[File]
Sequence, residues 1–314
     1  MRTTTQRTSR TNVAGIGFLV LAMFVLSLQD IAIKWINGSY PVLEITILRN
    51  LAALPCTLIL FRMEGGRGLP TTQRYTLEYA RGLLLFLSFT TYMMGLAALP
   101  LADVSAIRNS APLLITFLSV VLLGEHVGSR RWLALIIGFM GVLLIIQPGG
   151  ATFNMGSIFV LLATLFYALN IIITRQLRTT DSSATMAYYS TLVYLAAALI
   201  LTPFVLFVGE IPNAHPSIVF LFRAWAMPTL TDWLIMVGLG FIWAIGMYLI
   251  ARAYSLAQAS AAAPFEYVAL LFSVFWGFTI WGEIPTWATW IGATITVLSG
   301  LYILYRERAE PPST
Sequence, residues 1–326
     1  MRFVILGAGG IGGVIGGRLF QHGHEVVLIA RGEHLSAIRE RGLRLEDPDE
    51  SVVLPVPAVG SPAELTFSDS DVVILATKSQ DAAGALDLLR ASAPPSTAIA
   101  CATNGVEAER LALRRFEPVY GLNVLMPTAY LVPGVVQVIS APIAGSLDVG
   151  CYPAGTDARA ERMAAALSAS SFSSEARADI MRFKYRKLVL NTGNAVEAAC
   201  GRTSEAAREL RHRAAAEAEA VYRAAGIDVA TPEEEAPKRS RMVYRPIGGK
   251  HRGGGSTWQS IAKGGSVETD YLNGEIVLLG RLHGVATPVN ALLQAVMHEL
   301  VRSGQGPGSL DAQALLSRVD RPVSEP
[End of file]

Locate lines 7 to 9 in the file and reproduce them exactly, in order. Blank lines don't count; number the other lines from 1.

   251  ARAYSLAQAS AAAPFEYVAL LFSVFWGFTI WGEIPTWATW IGATITVLSG
   301  LYILYRERAE PPST
Sequence, residues 1–326